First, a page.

It wasn’t easy for the sunlit fuzz-funk music of Tropicalismo to make it all the way to 1970. The late ‘60s sent the movement’s major players through everything from musical game show appearances to military dictatorship-imposed imprisonment and exile (key players like Caetano Veloso and Gilberto Gil, for example), all with minimal public support. When the ‘70s finally hit, rock was still finding its footing, even though it was becoming more generally accepted by Brazil as a whole. While this summary skips over volumes of details, it gives an idea of where the country was positioned musically in 1970: finally ready to accept rock with moderately open arms and prove to the rest of the world that they could rock with the best of them.
Rita Lee, of course, already had. She’d bested most of her Anglo counterparts on two late-‘60s albums with Os Mutantes, lacing her bandmates’ heavy sub-equatorial psych with the perfect compliment of larking alto, as well as a dark opus, A Divina Comedia, with the group that same year. Having already proved herself in that arena (she’s now known as “The Grandmother of Rock” in her native Brazil) was perhaps the reason Lee decided to try something different on Build Up.
Though fellow Mutants Arnoldo Baptista and Sergio Dias both contribute to the album, those looking to hear Lee’s voice in the midst of their drug-induced guitar fuzz-outs have come to the wrong place. The first notes of this record come in the form of string arrangements on opener “Sucesso, Aqui Vou Eu,” which, at first glance, more closely resembles a Petula Clark Broadway number than anything in the Tropicalia canon. Hearing it for the first time, it’s hard to believe you’re listening to the same woman who sang vocals on a song which translates to “Hail, Lucifer” that same year -- and even harder to believe that you’re actually kind of digging it. It may be ‘40s nightclub at a glance, but Lee was never one to walk someone else’s trail, especially at this point in her career. A closer listen reveals stylistic sparks taken from all corners of the globe and plenty of twists lying just below the surface. This song foreshadows stylistically what’s to come on many tracks throughout the rest of the album. Most aren’t really the psych-rock jams Lee was doing concurrently with Os Mutantes, but rather conventional numbers taken and tweaked in ways as to make them totally unique.
From there, Lee dives into “Calma,” shifting the mood from ocean breeze to high-speed chase at will, again keeping it all in a jazz-lounge framework. Side one continues turning the string and horn vibe on its head, while side two contains most of the ‘rockers.’ Given the context, the ‘conventional’ tracks actually end up being the least straightforward on the album. Many notable rock figures have gone the way of ‘conventional’ music in efforts to prove that they’re capable of more than one style, but this album is one of the best examples of being able to do that without sacrificing what made the earlier music notable to begin with. All the intriguing aspects of Lee’s music are present here, just in different forms. Lee continues to keep it interesting on side two with “Hulla-Hulla,” which is Hawaiian from the name down. Yes, Hawaiian. Call it cheesy, but it holds up to the rest of the album instrumentally with its strong humming-it-for-days-after-you-hear-it factor. Beatles cover, “And I Love Him,” gives Lee an excuse to channel her inner Janis, something she’s been known to do on Mutantes tracks (see: “Meu Refrigerador Não Funciona”). It’s tolerable, but given that Lee has always been the better of the two both vocally and stylistically, it’s regrettable to see her feeling the need to go the drunken-blues route. Cloak-and-dagger number “Prisioneira Do Amor” leads into the album’s closer, a straight-ahead rock number chock full of electric guitar, walking bass, and wah pedal.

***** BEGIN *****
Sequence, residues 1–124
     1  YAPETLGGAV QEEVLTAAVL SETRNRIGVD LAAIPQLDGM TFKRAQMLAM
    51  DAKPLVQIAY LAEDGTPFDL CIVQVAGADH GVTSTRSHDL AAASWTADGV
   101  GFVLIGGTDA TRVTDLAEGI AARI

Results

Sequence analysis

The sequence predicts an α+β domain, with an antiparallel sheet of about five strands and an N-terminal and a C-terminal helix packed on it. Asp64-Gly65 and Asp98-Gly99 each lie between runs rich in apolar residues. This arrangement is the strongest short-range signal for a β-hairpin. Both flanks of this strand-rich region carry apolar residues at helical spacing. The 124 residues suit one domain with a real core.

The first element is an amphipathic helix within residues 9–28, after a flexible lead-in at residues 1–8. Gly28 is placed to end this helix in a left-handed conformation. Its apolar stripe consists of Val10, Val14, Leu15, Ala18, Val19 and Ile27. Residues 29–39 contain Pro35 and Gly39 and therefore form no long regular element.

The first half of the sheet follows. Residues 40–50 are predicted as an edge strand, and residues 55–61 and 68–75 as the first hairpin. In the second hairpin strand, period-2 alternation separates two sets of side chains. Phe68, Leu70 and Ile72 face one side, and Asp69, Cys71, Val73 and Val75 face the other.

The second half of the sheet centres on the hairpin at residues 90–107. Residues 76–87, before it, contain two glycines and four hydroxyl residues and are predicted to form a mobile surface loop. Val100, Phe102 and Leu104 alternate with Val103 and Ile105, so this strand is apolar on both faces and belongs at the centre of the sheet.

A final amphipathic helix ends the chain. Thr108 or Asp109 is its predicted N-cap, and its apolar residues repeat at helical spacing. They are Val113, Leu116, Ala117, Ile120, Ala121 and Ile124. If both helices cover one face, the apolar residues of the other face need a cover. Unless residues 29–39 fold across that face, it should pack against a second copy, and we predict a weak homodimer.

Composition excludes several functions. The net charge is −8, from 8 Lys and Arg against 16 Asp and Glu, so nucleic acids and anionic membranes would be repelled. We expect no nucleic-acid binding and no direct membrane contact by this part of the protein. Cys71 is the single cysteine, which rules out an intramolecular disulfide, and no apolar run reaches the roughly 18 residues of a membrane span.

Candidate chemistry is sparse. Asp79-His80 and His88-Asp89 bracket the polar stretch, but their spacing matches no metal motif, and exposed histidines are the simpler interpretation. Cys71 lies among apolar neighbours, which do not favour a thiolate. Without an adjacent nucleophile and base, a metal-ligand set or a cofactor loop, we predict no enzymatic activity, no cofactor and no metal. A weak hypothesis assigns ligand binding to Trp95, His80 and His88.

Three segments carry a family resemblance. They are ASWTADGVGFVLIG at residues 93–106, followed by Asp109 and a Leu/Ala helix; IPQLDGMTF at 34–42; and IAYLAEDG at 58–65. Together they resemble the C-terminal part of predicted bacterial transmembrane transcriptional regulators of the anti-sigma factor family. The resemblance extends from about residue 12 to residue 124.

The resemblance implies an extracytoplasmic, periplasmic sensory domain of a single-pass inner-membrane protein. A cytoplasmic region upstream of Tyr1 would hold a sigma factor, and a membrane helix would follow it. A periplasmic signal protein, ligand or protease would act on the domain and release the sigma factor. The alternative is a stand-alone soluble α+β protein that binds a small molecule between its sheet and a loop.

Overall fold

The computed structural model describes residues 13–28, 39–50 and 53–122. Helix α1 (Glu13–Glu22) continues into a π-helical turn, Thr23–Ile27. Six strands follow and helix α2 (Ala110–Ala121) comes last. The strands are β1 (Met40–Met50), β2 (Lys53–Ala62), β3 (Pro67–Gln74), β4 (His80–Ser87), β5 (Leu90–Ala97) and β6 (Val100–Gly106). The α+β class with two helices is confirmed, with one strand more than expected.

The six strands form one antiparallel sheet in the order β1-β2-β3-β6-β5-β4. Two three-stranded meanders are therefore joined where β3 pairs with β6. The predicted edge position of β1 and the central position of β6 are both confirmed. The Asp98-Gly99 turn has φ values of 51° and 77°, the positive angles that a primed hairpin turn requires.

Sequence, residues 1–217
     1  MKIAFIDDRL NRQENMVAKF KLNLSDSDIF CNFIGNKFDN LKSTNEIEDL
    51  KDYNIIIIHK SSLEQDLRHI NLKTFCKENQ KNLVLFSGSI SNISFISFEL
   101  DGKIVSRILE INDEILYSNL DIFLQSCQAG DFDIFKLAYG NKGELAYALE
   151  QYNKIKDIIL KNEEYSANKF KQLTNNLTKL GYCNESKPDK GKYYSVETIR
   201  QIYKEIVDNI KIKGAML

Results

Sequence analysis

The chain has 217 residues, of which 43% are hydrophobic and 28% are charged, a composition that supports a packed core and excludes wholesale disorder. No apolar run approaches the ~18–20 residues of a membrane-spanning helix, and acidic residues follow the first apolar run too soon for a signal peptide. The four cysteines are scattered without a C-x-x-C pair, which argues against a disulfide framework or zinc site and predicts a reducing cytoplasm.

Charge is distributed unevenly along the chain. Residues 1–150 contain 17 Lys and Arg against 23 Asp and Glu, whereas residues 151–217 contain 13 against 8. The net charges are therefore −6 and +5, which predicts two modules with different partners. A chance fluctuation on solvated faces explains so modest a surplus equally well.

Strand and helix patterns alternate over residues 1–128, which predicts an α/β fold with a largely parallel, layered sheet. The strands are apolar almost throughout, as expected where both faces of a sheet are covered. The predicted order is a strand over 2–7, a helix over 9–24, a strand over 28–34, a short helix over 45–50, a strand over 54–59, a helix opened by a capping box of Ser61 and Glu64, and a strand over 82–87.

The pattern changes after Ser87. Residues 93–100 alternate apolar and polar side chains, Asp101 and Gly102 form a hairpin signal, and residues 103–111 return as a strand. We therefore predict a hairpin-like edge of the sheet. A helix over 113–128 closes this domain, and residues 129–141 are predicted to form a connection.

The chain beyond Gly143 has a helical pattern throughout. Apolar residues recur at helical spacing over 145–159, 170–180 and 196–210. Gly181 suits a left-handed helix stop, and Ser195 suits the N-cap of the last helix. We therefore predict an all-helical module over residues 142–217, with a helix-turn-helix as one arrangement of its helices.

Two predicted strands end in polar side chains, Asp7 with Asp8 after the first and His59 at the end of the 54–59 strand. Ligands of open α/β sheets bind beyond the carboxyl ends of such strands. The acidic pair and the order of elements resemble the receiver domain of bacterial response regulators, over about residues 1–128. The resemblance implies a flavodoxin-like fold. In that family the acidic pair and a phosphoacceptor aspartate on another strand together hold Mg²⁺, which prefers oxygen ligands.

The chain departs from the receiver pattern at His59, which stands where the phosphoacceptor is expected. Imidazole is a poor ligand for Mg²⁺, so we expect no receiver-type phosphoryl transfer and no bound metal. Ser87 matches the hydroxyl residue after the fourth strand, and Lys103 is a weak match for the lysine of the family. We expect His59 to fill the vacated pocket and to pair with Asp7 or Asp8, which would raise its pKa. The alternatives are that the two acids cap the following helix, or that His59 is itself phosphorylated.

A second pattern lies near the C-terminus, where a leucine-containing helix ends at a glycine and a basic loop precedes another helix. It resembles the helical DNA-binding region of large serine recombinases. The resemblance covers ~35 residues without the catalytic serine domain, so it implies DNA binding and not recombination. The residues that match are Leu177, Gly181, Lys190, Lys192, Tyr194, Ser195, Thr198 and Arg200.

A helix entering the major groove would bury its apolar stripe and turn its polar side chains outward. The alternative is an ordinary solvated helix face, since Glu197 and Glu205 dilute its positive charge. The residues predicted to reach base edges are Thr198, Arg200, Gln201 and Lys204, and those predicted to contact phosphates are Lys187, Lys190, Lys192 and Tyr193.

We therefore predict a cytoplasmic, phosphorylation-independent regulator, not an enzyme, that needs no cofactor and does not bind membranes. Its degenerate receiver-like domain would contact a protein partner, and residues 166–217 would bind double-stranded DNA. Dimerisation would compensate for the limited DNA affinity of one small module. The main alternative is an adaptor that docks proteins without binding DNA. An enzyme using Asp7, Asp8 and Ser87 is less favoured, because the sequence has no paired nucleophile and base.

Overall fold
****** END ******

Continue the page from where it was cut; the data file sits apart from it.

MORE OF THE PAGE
The album is full of great rhythms and instrumental work, but when a vocalist from a previous musical outfit does a solo album, the vocal quality is sure to be dissected. Under any microscope, Lee’s voice holds up to the challenge. If the album does have a few flaws, vocals aren’t one of them. Her voice keeps even the less interesting tracks afloat, gliding through all the right notes while always managing to stay somewhere between a moan and a whisper. It’s sexy, it’s ear-candy, it’s Rita Lee in her prime.
It will be difficult for most of us who first learned about Brazillian music through Os Mutantes to resist comparing the two incarnations of her music instead of just listening to it. Indeed, it may come as a disappointment to many fans that Lee appears to have traded whatever hallucinogens she was taking with Os Mutantes for a pleasant glass of wine this time around. But this shouldn’t be cause for dismay -- these are two separate sounds entirely. It wasn’t a Mutantes album for a reason, after all. Build Up was never trying to send us to another universe, only to make us enjoy this one a little bit more.